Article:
1. Methodology and Research Strategy:

The research methods used in this report was of the case study variety, both historical and recent information of NATO have been utilized. This information gives a broad review of what NATO had managed to do historically in addition to the functions that NATO now finds itself involved with. While a statistical analysis would lend more support to the analysis of this document it would be difficult to offer any sort of statistical significance to the work done by NATO in the last 60 years, this is why it becomes important to conduct case study research on both the modern and historical NATO operations.

The wide variety of case studies that were utilized in this work indicate that NATO was effective in the early years of its existence by providing safety, security and stability in Europe that allowed for Europe to develop economically and to create the EU which has also increased the ability of Europe to develop economically. In addition to this, NATO with the assistance of the EU has prevented major armed conflict from breaking out among members-states of the EU. NATO proved less successful in ending the violence in Bosnia in the early 1990s but was successful in keeping the violence from crossing over or spilling over into other nations. Give this; the NATO mission to Bosnia was successful since conflict was contained.

A review of current NATO deployments indicates that NATO has moved almost completely away from its original mission (of providing security to Europe) and is now assisting the U.S. in the GWOT. This is where a statistical analysis would be most helpful. Between ethnic violence taking place in Bosnia, the Balkans and the Caucuses region of Europe it would be interesting to analyze what impact growing insurgent groups have had on the larger deployment of NATO, meaning that if NATO were able to remain operating in Europe, would the region have opened up to insurgent groups?

The final research method used was a review of current events and how regional security organizations may have had an impact (positive or negative) on violence. NATO most likely would have had a positive impact on preventing the growth of insurgent violence in Europe if they were allowed to remain deployed in that region. It is difficult to say that NATO or any security organization would have an impact on violence that is occurring in Central Asia.

While case study research is interesting it only shows part of an overall larger picture. Statistical analysis would have offered more validity to information contained here.

  1. Analysis and Findings:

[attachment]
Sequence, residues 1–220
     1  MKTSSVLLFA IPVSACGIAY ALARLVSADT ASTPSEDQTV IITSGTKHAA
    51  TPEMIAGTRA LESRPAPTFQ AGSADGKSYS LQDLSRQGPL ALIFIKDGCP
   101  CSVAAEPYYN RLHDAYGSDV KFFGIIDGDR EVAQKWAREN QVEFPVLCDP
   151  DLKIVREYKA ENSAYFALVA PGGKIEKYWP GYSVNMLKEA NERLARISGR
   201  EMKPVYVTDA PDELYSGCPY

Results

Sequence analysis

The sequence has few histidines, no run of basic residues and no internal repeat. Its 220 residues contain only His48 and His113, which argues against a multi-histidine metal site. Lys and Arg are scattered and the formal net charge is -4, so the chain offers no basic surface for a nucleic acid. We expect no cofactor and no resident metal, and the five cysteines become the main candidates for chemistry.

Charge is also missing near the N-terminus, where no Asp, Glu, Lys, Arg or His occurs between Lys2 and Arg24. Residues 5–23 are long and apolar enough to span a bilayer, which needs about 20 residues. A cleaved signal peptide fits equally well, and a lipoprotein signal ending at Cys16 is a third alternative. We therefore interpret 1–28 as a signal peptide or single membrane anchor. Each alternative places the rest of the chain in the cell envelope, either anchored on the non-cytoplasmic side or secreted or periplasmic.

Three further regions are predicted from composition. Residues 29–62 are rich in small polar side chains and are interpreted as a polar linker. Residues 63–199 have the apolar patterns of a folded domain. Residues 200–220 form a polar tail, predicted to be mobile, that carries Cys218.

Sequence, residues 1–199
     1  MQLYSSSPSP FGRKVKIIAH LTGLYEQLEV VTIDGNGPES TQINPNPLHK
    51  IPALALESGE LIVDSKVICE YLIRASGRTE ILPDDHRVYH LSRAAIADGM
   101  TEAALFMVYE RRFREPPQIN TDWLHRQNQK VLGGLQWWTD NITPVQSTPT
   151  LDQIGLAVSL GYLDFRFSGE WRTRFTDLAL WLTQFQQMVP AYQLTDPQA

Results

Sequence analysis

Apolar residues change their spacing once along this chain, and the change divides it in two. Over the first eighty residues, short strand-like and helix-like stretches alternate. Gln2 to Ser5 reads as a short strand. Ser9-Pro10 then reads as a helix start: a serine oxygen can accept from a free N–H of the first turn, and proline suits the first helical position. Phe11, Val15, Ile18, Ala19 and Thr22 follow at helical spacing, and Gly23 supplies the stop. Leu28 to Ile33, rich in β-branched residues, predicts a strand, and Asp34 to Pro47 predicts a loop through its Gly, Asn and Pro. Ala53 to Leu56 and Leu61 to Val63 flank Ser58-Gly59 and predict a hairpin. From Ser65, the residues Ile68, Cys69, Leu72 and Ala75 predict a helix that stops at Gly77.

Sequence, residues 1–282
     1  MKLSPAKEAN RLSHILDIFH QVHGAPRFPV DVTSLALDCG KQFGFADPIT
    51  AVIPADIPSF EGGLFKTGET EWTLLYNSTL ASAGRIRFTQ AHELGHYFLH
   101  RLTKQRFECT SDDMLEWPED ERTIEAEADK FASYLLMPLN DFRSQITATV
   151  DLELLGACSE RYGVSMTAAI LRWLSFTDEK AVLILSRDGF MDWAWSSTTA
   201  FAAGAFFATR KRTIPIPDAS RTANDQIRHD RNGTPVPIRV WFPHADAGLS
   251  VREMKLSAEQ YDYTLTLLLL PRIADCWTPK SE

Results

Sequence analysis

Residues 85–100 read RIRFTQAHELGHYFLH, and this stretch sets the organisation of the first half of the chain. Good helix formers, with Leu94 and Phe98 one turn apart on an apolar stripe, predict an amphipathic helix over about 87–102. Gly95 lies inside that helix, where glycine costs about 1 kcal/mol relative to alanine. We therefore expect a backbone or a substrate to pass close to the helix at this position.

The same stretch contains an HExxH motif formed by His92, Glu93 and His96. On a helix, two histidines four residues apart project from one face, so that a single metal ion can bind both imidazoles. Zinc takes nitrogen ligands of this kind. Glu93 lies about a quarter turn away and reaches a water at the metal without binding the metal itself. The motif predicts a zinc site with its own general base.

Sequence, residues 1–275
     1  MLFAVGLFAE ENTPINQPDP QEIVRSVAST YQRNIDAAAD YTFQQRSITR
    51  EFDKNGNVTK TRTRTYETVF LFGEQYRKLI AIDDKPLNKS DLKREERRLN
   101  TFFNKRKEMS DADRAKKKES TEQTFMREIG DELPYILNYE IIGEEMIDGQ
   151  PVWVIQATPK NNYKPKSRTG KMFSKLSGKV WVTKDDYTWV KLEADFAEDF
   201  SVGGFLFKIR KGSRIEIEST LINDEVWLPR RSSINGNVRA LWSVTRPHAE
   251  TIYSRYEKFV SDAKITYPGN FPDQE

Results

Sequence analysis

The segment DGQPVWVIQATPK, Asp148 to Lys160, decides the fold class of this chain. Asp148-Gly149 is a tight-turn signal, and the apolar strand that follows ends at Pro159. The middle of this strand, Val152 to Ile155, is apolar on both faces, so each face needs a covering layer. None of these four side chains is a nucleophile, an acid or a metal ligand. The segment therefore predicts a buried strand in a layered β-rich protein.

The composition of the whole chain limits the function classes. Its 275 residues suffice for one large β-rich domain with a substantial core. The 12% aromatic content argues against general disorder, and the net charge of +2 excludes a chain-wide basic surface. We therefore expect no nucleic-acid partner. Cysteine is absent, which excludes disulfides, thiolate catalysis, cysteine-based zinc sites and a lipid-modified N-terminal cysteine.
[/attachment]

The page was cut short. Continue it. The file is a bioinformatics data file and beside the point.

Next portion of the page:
The end of World War II and the start of the Cold War was the linchpin that caused the creation of NATO, therefore it is only fitting that the end of the Cold War and the collapse of the Soviet Union led to the re-tasking of NATO.

During the initial years of NATO after the end of World War II the mission of NATO was largely positive in the fact that the stability that NATO caused allowed for the establishment of the EU and for greater economic integration of the nations of Europe, NATO and the EU have also been able to prevent a major armed conflict from occurring among major power nations of Europe, however, NATO much like other organizations have to evolve or die. Over time NATO saw the need to being to evolve in its mission, possibly to the detriment of continued safety and security in Europe.

As the Cold War became a footnote in history NATO found itself an IO without a mission as NATO witnessed it’s mission in Europe decreasing the new millennium with the events of 9/11 gave NATO a new mission, that mission was to support United States forces in the GWOT. NATO now finds itself deployed in Afghanistan as part of the ISAF.

While NATO has or had proven to be an effective security organization in Europe, they have not become as effective in Afghanistan, stability and security has not been brought to the region and the Taliban have been able to influence larger sections of Afghanistan and therefore create larger insurgent groups that NATO and U.S. forces must face off against. The question of how to bring stability to Afghanistan is difficult. Due to the fact that there isn’t currently and never really was one unified Afghanistan. The road to unification of Afghanistan will be long and will involve humanitarian action, not military action that is supported by NATO, the UN or the U.S. Military intervention only serves to indicate to the Afghan people that yet another outside nation is trying to influence Afghan policy and politics. This has not been well received.

It should also be noted that while Europe remains stable and there has not been a war fought among major nations of Europe, fracturing and conflict is on the increase. As NATO has been forced to spend so much effort on Afghanistan they have not been able to end low intensity conflicts that have occurred in the Balkans, The Caucuses region of Europe, Bosnia, Kosovo the Ukraine. While these low intensity conflicts have been contained to the regions where they are being/have been fought this does not mean that low intensity conflict will remain low intensity and will not over-flow into other nations causing instability in Europe.

In addition to the potential instability in Europe due to the absence of NATO forces, insurgent groups have been about to move from regions in the Middle East into regions (mostly into the Balkans) to assist in ethnic conflict with Russian forces. This has led to the moving of insurgent training camps from the Middle East into Europe. Again, with a NATO deployment in Afghanistan there is no consolidated military force that can keep these groups in check and maintain the security of Europe.